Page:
The loyalty of airline passengers will no longer be measured in miles, as industry watchers have long anticipated. In the future, earning the stature and privileges of a high-end frequent flier will be tallied in a more conventional currency: cold, hard cash. Two of the world’s largest airlines have already moved to impose yearly spending requirements for their traveling elites.
United Airlines (UAL) began notifying members of its MileagePlus program today that the base level of elite, called Premier Silver, would require spending at least $2,500 “premier qualifying dollars” with the company next year, while top-level status, known as 1K, will come with a $10,000 spending minimum. The current system is based on mileage accrual, and travelers will still need to meet those benchmarks—from 25,000 to 100,000 each year—to attain elite status. There’s one loophole, but it also involves spending money: United will waive the spending requirement for program members who spend at least $25,000 next year on a company-branded card issued by JPMorgan Chase (JPM).
United’s new rules largely mirror those that Delta Air Lines (DAL) announced in January for its 2014 program. Delta’s highest status level, Diamond, will require a $12,500 expenditure plus 125,000 miles.
The changes for both United and Delta, which will take effect on Jan. 1, 2015, mark a long-awaited shift in the way the industry measures customer loyalty. The new systems focus on passengers’ financial value to an airline instead of merely calculating who flew the most. The distance-only tallies had become easy to game due to the wide variety of fares on each flight and mileage junkies’ longstanding habit of racking up elite status with flights cobbled together at cheap fares. That practice has been facilitated by online chat boards where fliers trade the best mileage-boosting deals they find.
The shift to cash and away from padded mileage accounts is likely to cull the number of travelers considered elite. That will also benefit United and Delta, where swollen ranks of their “best” customers in lower tiers has meant that perks, such as upgrades to first class, have become increasingly tight. When everyone with 25,000 miles last year is elite, the guy paying a lot of money for tickets doesn’t feel too special—and that’s a real problem for a large airline. “Although it will come as a rude shock to some, the new system is fair and eminently sensible,” Tim Winship, editor of FrequentFlier.com, wrote in a blog post. “Elite status was always intended to recognize and reward customers’ contribution to an airline’s bottom line. And keying status to spend does just that.”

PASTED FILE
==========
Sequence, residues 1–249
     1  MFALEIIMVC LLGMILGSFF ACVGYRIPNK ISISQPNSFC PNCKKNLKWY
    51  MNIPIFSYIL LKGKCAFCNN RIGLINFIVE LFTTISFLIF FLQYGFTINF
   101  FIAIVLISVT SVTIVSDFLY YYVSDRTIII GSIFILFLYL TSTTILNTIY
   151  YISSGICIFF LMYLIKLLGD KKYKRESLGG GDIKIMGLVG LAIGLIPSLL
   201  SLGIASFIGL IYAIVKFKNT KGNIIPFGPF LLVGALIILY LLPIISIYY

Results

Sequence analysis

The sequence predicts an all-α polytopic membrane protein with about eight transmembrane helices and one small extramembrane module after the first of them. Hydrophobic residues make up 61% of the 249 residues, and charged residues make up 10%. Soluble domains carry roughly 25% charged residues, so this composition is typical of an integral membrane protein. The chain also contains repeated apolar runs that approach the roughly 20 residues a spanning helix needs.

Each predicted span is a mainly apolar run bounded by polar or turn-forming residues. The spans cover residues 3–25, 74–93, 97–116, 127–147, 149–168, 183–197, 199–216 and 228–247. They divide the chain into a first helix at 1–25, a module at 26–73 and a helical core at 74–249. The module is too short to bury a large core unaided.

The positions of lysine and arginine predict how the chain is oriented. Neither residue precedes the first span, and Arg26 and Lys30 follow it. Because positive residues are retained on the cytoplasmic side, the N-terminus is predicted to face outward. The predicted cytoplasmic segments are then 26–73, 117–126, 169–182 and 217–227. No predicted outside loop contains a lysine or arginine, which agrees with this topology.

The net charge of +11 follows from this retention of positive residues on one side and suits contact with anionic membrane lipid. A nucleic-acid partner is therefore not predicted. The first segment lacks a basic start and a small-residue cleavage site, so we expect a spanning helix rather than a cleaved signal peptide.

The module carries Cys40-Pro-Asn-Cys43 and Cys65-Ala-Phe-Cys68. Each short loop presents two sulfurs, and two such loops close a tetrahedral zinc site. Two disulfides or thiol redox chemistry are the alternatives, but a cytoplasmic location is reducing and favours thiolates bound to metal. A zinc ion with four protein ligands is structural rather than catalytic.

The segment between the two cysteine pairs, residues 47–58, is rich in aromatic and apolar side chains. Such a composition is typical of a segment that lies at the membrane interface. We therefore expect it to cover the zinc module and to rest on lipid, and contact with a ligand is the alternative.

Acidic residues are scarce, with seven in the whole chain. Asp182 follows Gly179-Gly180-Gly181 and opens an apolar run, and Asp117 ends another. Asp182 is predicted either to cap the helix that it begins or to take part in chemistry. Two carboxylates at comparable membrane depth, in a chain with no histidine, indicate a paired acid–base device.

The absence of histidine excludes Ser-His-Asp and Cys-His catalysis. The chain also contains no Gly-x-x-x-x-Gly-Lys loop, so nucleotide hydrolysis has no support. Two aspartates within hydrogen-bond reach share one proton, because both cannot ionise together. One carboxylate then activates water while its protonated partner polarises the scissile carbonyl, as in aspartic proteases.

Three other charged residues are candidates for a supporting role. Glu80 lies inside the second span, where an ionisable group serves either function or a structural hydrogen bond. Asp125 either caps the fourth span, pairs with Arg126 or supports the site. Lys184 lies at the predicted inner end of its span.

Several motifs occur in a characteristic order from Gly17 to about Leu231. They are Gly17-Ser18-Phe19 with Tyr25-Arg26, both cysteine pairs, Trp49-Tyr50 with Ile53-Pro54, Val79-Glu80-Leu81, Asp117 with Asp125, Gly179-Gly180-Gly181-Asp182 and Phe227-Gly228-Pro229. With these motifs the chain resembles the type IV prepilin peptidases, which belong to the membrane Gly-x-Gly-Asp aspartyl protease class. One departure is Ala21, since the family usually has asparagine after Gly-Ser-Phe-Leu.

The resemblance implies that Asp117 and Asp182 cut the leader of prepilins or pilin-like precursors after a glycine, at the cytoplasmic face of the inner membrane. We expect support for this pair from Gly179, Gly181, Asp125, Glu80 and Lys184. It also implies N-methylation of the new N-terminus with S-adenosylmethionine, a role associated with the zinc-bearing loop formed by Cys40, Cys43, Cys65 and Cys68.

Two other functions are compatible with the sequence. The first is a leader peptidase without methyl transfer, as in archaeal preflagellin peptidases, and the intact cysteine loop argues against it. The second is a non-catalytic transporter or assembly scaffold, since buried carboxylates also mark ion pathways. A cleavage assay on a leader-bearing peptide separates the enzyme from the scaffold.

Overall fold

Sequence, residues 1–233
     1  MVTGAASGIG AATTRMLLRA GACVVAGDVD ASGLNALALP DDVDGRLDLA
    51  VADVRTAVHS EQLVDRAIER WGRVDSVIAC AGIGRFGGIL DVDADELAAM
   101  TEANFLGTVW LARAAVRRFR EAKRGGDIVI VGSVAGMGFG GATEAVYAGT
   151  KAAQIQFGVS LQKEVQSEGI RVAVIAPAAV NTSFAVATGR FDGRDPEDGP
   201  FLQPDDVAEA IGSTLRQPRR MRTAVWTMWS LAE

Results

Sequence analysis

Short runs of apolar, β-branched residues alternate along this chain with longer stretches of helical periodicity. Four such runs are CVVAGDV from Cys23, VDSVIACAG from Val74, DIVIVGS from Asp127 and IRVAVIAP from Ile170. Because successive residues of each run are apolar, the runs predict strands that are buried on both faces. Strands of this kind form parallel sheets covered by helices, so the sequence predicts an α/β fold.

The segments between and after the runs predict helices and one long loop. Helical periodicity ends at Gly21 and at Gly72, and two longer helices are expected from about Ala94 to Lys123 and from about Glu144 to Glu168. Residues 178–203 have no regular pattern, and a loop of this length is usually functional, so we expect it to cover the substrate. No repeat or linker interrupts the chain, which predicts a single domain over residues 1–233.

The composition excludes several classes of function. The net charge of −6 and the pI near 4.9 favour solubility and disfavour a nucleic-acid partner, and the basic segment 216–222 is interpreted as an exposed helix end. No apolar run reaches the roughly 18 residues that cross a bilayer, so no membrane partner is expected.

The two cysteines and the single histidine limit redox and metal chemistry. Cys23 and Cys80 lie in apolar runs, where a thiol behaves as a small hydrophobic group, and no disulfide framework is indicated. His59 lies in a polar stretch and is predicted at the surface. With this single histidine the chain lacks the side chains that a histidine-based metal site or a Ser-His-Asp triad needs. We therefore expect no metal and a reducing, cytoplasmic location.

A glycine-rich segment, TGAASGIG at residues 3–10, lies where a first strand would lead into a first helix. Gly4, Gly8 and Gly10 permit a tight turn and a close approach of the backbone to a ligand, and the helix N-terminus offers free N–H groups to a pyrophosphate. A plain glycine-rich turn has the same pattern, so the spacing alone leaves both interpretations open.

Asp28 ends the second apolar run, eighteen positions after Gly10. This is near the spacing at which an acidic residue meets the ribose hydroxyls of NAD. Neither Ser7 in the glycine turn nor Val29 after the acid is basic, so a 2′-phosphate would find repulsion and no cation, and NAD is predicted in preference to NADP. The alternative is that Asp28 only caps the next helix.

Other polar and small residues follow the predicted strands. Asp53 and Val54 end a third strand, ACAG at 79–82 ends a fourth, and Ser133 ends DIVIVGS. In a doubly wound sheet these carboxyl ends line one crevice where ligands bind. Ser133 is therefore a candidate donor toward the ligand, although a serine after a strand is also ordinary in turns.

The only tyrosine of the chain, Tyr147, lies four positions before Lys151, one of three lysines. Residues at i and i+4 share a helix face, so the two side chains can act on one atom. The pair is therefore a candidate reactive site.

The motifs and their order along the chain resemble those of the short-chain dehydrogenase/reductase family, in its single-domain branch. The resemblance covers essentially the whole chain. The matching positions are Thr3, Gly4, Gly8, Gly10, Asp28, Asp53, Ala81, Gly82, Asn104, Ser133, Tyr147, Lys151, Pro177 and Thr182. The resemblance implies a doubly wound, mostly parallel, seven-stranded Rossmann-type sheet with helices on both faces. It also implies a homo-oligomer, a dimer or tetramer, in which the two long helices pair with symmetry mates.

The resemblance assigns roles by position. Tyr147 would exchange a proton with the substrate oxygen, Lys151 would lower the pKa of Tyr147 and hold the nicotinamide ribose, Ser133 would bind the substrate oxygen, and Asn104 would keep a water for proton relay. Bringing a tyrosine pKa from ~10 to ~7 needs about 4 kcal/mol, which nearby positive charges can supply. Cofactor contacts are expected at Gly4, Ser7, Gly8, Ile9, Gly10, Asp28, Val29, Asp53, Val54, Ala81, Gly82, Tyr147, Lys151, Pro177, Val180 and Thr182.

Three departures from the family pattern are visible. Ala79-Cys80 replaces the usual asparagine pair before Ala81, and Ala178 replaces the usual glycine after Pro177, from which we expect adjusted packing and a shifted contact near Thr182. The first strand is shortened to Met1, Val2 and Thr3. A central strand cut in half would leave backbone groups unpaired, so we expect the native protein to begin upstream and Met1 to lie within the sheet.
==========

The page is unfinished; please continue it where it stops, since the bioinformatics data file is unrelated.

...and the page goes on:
It’s also worth noting that major airlines have had, for many years, invitation-only status levels, such as United’s Global Services, which is based on how much revenue a customer generates for the company. The airlines won’t say what it takes to be invited or how many such elite members they have, but the price of admission is widely thought to be at least $100,000 per year. Hit 10 million miles, as Chicago businessman Tom Stuker did with United two summers ago, and you’re likely to get a ceremony with airline executives such as this, a titanium card, and your name on an airplane.
The changes have provoked the expected howls from many travelers: “The End of the World As We Know It,” as one blogger titled a post. Others have declared the end of the mileage run, although the continuation of minimum mileage levels is likely to keep many people trolling for cheap fares and plenty of Saturday cross-country turnarounds. Others found the waiver for credit-card spending interesting and plan to exploit it. “You want me to go earn a majority of my miles with a credit card instead of sitting in one of your dirty planes for 4 days at a time? Not a problem, United,” wrote Michelle Singh, a mileage junkie and blogger in California who writes at Miles, Points and Mai Tais.